Unlike most latter-day noir homages, Bound doesn’t go all out for a neurotic, pulp-poetic, vampish vibe. That’s because it’s eye is on the more hardboiled, mathematically constructed, emotionally tight-lipped proto-noirs, particularly Double Indemnity and The Maltese Falcon. It’s starts out like one, then ends up like the other. Like The Maltese Falcon, it takes place largely indoors – in this case on an elaborate studio set of the two adjoining apartments, with the camera flying through and over walls and able to look down on the characters like mice in a maze. It’s about people in a room talking themselves into trouble and then trying to talk their way out of it again. The film hits a high of slow-boiling tension and chess-game intensity once the $2 million comes into play and everyone – including a bunch of mobsters who come knocking on Caesar’s door – wants to know what has happened to it. Arguably the script cheats and backtracks a bit towards the end, dampening the impact of the finale, but at its best Bound does a marvellous job of capturing the spirit of Huston, Wilder, et al.
The constricted, studio-bound quality of the drama helps the viewer touch base, at a subconscious level, with the films of ’30s and ’40s, as does the clever decision to paint Violet’s apartment mainly in greys, with only the dark mulberries and maroons of her costumes and makeup as accents (there’s one shock of vivid red when Caesar bursts in carrying a blood-soaked bag of money). This dusky palette comes across beautifully on the excellent HD transfer. It’s so crisp and sharp, the patterned pink and white wallpaper in the apartment Corky’s decorating looks almost 3D, you can see the textures of the walls of the lift in the opening scene, and there’s an impressive sense of depth as the camera moves through the film’s many striking set-ups.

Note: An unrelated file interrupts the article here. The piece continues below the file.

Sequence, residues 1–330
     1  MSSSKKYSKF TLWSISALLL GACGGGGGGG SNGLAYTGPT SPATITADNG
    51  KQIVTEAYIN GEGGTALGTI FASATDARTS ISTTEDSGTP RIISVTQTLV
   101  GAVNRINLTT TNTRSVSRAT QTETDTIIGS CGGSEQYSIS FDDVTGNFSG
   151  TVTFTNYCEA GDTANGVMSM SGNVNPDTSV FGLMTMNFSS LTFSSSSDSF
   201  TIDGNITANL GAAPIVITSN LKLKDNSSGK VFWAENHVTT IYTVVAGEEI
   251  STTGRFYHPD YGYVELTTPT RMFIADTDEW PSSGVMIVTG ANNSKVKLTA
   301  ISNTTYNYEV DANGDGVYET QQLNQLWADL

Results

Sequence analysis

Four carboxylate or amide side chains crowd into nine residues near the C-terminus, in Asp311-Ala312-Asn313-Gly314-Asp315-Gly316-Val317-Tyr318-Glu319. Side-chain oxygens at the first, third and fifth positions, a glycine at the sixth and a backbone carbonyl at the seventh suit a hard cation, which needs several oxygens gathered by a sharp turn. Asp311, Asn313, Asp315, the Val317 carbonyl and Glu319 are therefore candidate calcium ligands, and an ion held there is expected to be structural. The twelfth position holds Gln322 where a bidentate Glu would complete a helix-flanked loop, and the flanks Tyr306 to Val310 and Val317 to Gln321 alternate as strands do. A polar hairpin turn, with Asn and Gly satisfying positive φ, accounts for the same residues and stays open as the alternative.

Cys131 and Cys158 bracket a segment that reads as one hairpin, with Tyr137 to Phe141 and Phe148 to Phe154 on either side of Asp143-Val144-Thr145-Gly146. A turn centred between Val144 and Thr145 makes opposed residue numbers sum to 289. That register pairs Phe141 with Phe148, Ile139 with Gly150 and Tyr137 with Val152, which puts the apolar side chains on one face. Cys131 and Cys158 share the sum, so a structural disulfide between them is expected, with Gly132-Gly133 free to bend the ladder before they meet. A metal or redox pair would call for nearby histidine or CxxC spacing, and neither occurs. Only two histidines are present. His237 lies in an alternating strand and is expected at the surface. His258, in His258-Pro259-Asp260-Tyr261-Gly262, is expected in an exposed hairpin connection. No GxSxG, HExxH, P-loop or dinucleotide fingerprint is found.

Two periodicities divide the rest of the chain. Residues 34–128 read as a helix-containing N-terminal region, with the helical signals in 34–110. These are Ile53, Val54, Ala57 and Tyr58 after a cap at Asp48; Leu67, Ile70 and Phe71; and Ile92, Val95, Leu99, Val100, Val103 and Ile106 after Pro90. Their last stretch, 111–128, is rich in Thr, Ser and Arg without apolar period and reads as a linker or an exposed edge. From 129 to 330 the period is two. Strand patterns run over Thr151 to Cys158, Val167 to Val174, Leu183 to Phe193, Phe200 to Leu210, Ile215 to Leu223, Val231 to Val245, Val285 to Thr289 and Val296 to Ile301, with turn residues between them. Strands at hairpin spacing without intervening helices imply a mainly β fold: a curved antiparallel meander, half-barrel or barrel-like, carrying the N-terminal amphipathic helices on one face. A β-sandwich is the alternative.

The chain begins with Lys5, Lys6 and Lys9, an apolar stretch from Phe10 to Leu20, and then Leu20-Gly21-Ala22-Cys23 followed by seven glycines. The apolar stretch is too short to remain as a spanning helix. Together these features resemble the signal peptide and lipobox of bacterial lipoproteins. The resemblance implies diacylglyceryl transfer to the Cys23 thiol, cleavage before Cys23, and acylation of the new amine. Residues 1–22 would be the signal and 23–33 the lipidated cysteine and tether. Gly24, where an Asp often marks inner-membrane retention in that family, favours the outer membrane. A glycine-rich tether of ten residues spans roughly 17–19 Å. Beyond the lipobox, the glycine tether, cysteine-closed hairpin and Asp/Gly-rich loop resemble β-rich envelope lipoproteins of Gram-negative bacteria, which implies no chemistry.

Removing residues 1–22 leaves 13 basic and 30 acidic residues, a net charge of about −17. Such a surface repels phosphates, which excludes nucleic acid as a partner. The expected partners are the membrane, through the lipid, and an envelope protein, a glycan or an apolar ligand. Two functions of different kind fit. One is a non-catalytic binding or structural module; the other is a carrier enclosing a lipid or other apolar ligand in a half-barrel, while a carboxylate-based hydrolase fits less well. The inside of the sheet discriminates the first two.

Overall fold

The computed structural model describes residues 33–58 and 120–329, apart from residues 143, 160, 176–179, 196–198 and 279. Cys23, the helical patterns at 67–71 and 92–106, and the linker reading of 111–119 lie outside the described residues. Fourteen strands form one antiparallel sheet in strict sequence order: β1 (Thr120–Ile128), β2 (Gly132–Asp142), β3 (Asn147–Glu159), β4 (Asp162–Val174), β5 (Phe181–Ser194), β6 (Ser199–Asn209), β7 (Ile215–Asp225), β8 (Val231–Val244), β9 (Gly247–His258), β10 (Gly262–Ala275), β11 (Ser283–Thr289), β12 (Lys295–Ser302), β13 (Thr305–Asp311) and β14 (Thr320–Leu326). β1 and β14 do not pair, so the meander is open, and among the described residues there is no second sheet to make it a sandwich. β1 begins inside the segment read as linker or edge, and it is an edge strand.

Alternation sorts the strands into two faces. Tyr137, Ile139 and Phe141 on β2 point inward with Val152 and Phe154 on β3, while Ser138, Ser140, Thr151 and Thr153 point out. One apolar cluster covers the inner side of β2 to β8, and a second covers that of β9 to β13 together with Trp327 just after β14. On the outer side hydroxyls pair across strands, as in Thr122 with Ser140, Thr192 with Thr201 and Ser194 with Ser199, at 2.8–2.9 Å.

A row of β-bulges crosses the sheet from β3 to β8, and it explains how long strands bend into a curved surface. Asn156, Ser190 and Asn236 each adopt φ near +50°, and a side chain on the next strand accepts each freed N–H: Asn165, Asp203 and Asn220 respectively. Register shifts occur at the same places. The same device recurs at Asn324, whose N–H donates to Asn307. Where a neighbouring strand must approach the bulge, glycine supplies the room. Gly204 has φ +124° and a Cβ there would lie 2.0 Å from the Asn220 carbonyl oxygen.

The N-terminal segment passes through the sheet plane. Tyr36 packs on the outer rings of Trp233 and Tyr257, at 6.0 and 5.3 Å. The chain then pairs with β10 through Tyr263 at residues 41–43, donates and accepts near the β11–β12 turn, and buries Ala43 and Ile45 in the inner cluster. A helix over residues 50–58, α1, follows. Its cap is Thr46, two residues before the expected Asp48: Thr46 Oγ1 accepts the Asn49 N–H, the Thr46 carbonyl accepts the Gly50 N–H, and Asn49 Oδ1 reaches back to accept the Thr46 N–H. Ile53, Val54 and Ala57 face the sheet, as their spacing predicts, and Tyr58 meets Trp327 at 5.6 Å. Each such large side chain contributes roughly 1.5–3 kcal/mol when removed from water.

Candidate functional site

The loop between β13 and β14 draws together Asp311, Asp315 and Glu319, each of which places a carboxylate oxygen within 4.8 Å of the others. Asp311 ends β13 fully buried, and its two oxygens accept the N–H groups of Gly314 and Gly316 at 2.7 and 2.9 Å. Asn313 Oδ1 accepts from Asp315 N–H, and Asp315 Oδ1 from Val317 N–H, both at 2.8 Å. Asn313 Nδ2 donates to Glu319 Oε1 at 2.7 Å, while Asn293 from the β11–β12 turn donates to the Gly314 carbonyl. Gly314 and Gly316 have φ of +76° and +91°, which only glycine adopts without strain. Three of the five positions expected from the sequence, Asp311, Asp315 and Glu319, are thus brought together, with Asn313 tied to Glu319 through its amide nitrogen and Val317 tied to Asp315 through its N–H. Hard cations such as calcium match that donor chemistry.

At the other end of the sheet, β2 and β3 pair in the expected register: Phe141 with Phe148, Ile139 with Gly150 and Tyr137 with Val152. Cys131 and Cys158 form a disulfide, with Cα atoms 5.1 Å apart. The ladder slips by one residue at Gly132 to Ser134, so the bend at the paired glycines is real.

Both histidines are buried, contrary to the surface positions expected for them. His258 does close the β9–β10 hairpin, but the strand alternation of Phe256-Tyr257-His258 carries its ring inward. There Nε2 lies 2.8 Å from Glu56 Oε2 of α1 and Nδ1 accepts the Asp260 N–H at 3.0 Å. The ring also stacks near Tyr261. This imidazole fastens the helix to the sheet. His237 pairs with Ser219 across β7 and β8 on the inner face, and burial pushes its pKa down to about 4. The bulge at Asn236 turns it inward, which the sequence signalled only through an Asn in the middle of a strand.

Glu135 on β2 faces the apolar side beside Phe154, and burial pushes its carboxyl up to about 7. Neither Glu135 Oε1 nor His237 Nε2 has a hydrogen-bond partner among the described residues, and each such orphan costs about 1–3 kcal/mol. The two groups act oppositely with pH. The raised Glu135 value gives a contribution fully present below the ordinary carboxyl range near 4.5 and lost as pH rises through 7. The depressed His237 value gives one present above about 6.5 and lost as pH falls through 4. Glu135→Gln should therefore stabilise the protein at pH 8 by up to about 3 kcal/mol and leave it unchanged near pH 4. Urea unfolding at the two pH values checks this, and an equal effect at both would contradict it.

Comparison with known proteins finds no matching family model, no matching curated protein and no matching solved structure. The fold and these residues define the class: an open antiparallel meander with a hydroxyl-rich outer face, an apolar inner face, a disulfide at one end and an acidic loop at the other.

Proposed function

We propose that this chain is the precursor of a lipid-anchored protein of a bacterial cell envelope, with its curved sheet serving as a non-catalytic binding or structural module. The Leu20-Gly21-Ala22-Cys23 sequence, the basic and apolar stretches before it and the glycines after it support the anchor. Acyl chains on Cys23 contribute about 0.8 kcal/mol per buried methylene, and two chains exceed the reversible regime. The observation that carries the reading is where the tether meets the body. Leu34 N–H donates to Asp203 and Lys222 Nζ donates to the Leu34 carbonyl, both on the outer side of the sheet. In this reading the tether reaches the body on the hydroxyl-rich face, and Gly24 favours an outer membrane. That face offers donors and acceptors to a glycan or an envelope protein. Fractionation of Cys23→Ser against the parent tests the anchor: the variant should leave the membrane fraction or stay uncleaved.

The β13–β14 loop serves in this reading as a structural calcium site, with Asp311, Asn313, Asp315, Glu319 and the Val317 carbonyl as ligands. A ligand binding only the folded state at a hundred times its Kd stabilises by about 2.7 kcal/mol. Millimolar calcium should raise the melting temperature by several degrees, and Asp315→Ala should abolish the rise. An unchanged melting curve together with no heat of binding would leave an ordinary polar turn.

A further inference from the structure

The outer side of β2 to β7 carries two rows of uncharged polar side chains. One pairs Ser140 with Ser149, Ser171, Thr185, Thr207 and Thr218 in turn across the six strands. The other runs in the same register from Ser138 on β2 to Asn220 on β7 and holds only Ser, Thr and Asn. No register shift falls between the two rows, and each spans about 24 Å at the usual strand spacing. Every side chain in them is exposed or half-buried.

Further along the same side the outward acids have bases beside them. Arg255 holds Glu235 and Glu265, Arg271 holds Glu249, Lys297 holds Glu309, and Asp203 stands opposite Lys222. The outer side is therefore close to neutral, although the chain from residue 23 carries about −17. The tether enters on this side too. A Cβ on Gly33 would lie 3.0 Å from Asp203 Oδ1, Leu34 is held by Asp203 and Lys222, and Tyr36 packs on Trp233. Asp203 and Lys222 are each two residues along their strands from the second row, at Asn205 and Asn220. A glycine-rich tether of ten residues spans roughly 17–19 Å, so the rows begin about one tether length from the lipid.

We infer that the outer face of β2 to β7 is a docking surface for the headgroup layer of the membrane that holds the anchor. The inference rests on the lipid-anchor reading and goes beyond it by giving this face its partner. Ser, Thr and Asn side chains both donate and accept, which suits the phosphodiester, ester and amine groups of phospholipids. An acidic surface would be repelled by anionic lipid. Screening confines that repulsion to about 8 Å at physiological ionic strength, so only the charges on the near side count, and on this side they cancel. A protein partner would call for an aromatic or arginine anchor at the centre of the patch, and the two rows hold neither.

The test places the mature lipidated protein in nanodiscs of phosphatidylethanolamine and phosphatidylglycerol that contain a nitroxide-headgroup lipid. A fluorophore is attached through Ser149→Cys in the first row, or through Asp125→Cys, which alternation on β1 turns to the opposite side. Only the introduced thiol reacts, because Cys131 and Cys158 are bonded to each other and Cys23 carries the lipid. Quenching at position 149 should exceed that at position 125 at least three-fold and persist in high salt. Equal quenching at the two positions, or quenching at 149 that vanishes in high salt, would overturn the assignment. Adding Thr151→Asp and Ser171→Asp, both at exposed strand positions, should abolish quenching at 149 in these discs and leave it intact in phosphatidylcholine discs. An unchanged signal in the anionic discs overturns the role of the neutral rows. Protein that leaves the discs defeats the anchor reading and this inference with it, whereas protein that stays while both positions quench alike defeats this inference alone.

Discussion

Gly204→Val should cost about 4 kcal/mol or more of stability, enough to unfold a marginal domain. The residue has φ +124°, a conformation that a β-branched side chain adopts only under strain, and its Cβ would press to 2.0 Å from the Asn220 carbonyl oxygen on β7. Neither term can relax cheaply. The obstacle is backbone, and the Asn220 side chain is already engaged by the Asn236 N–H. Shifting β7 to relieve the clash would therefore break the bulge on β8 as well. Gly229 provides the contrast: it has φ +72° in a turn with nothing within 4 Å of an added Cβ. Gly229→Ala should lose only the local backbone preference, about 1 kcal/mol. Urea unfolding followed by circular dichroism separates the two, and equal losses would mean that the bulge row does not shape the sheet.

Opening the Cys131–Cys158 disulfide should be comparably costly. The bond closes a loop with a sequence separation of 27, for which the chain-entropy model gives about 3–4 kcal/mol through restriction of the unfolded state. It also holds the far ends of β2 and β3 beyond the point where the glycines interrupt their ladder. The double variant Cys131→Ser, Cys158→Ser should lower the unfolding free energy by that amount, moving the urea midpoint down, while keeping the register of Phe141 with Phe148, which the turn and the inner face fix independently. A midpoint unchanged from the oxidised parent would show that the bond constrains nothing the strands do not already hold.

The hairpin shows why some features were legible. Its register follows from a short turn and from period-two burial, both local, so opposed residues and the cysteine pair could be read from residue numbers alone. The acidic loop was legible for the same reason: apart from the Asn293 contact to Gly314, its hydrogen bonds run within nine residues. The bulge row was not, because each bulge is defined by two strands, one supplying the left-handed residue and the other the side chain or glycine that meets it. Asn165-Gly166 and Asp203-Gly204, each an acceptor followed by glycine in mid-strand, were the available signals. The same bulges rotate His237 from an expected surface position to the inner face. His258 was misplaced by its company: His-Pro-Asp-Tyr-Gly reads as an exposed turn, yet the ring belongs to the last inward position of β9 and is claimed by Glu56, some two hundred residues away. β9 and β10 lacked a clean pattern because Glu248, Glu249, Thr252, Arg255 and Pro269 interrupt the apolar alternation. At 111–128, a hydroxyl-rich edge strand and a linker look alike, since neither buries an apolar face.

The disc has nearly 1 ½ hours of extras. There’s a nicely done 29-minute “making of” documentary, with chats with the DP, the editor and the composer from which we learn, among other things, that the Wachowski brothers were housepainters when they wrote the script. Gina Gershon and Jennifer Tilly talk in a lively 26-minute piece. Both are very insightful and charming, but Tilly is an absolute scream, funny, honest and self-deprecating. It’s a piece full of interesting nuggets of info. Apparently they were both competing hotly for the part of Corky (presumably because it was more unusual, but ironically Violet is in the end the better, larger part with more layers), while Linda Hamilton and Rosanna Arquette were in the running for Violet. There’s much talk about the sex scene. It’s explained that it was quite a technical feat, and not at all romantic – as the camera swung around on a crane, walls had to be lifted out of the way by grunting, sweating stagehands. Gershon got Tilly in the mood beforehand by bringing her tequila and chocolate.
We also hear from Joe Pantoliano (“Joey Pants” to his friends) in a 13-minute interview. He talks about the efforts he went to, first to get a meeting with the directors, and then to make Caesar a “worthy adversary” for the girls. Apparently producer Dino De Laurentiis had his doubts about Pantoliano: “Joey Pants is a cha-racter actor, he is not a leading man.”
Last but not least, there’s also an audio commentary with the Wachowski brothers. They mumble and seem a bit miserable at first, but then cheer up when Joey Pants arrives late to join the party.